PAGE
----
Friday, August 29, 2008

Not So Petite

At just over 5'3", some would consider me petite. But, I have always said that although small of stature, I can sometimes be feisty.

At our housewarming party last week, one of the wines we opened was the 2005 Petite Sirah. First produced in 1978 by the Bogle family, it is considered Bogle's heritage varietal. Extremely aromatic with luscious boysenberry, touches of black pepper and herbs. Trademark inky and jammy tones fill your mouth with ripe fruit and berries. The voluptuous finish lingers with toasty oak and lush ripe fruit. The firm tannins make this a wine that can bottle age for years to come. Try this unique wine with rich meat dishes of lamb, pork or game and hearty sauces.

Don't underestimate the power of the petite. Remember, good things come in small packages!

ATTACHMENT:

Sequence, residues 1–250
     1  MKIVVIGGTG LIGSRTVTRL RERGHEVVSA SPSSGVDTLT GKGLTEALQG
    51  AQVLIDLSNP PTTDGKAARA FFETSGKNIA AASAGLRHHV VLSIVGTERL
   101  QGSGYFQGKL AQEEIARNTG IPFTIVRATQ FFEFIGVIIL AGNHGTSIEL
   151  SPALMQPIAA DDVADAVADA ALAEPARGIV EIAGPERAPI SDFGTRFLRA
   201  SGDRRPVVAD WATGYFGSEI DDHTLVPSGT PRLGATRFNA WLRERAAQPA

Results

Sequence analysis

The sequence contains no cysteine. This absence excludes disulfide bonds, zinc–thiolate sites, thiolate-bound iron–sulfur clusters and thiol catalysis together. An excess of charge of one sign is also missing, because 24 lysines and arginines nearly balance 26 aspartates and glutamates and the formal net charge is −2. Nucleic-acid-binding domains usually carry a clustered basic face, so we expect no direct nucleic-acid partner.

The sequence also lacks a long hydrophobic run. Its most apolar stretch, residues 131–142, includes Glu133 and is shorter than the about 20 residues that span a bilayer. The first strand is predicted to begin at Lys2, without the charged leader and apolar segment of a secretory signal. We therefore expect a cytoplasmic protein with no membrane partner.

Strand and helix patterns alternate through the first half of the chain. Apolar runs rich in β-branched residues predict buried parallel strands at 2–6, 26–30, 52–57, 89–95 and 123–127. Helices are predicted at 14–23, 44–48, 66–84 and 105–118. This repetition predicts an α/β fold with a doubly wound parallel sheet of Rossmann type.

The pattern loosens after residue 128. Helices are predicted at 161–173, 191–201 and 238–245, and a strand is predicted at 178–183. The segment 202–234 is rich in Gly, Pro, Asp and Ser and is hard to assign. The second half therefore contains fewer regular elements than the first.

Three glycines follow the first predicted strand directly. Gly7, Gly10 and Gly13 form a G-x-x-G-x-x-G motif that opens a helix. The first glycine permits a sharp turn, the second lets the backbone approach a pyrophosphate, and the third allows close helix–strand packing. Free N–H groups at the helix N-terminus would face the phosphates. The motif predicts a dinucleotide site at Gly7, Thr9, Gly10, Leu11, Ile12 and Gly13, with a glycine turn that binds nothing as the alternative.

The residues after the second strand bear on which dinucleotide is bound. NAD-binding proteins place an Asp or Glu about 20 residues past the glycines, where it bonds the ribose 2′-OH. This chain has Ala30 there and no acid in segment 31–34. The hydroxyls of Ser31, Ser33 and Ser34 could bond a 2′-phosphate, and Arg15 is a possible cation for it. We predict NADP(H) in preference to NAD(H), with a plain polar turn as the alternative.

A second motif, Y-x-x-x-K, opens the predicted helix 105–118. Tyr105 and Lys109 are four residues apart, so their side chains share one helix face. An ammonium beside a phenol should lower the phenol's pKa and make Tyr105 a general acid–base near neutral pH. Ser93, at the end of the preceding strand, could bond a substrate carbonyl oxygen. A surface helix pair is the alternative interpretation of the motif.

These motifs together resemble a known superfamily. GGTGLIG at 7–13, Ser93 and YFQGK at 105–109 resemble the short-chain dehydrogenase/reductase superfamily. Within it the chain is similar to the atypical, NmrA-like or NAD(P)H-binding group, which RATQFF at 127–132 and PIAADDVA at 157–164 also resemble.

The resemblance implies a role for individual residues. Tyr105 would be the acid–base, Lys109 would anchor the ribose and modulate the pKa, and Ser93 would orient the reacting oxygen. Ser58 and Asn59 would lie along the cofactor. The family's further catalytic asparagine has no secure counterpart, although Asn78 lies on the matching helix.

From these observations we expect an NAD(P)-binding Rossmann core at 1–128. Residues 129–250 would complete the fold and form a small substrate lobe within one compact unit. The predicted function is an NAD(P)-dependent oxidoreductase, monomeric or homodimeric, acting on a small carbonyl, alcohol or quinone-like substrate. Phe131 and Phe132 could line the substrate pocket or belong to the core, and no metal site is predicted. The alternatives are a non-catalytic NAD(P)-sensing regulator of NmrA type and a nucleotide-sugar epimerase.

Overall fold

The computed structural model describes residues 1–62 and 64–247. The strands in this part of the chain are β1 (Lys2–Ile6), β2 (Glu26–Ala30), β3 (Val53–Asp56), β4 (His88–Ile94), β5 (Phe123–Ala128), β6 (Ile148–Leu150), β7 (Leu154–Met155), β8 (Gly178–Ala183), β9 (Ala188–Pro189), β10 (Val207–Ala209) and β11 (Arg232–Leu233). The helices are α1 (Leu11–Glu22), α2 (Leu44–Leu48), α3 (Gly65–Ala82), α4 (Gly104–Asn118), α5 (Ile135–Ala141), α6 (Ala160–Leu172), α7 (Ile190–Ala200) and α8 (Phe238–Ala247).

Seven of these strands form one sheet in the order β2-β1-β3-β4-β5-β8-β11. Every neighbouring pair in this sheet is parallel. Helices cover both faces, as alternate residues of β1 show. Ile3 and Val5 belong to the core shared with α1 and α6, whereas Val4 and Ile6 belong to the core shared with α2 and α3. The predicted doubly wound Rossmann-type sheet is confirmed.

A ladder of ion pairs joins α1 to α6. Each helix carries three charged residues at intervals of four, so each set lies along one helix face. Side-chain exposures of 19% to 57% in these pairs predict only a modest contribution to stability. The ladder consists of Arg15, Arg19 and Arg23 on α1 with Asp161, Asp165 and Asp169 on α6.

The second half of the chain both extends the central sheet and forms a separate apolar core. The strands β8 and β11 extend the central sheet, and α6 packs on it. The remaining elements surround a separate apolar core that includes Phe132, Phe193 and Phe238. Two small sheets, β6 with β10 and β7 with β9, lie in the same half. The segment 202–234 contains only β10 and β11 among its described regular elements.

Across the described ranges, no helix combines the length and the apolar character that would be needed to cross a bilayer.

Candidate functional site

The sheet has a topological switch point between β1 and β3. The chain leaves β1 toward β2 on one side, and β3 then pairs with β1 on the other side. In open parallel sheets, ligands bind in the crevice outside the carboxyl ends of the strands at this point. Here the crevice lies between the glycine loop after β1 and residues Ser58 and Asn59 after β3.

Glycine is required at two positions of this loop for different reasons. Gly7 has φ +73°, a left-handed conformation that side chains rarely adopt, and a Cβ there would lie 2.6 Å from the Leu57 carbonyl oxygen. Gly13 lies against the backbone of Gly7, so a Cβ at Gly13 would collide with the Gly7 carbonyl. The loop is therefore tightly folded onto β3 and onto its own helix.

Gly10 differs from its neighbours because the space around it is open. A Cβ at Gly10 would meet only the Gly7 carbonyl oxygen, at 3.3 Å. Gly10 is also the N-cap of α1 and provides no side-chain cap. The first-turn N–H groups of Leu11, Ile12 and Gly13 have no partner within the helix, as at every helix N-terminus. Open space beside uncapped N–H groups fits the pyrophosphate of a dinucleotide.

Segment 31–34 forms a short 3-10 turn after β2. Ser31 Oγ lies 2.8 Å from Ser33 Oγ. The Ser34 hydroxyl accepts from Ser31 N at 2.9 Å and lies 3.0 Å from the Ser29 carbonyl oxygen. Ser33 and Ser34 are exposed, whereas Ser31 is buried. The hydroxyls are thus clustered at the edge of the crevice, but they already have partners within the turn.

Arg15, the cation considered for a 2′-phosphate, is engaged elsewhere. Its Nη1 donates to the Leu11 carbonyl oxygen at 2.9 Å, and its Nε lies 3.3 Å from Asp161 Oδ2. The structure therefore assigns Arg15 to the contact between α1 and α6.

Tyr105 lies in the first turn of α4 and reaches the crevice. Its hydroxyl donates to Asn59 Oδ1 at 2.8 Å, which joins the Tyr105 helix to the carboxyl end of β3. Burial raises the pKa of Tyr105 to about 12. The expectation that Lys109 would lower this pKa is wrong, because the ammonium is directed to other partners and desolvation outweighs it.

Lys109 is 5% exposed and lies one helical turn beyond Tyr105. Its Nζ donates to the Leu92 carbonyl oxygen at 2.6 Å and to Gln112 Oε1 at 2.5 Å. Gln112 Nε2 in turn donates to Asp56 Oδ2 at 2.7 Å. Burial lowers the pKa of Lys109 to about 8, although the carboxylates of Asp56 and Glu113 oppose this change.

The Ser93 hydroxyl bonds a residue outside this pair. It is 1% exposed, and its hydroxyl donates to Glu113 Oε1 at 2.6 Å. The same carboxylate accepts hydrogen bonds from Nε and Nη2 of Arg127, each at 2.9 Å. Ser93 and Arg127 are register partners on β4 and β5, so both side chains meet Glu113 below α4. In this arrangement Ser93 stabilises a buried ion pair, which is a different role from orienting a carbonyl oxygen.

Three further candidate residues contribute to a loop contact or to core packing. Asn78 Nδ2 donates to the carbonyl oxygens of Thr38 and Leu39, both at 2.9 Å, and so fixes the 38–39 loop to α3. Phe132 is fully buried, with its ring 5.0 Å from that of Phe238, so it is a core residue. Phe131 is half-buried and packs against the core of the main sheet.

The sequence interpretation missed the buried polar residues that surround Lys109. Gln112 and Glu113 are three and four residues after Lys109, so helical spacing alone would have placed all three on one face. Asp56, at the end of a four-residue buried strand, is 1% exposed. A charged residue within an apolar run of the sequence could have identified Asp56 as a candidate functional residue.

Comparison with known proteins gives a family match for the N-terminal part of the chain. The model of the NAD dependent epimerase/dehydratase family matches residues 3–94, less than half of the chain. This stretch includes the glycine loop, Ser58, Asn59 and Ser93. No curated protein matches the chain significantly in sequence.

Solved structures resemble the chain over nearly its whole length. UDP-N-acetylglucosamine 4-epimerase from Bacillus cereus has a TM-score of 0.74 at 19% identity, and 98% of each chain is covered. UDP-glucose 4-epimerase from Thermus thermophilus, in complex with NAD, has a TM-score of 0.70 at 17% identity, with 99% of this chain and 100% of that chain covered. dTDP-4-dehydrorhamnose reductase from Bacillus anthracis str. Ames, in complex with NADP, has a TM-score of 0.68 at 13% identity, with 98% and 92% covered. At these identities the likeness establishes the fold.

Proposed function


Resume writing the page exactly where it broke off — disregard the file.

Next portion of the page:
Monday, August 25, 2008

Housewarming Toast

Friday, our wine group moved one of our members into her first house. Just like in the movie "It's A Wonderful Life" the significance of having a pizza and wine afterwards was very appropriate.

Mary Bailey (Donna Reed) brings three things to Bailey Park, where four-room frame houses have been constructed for immigrant families. Mary and George offer a brief speech at a doorstep, symbolically holding up a loaf of bread, a bottle of wine, and a box of salt:

Bread - that this house may never know hunger.
(Pizza crust)

Salt - that life may always have flavor. (Salty toppings)

Wine - that joy and prosperity may reign forever.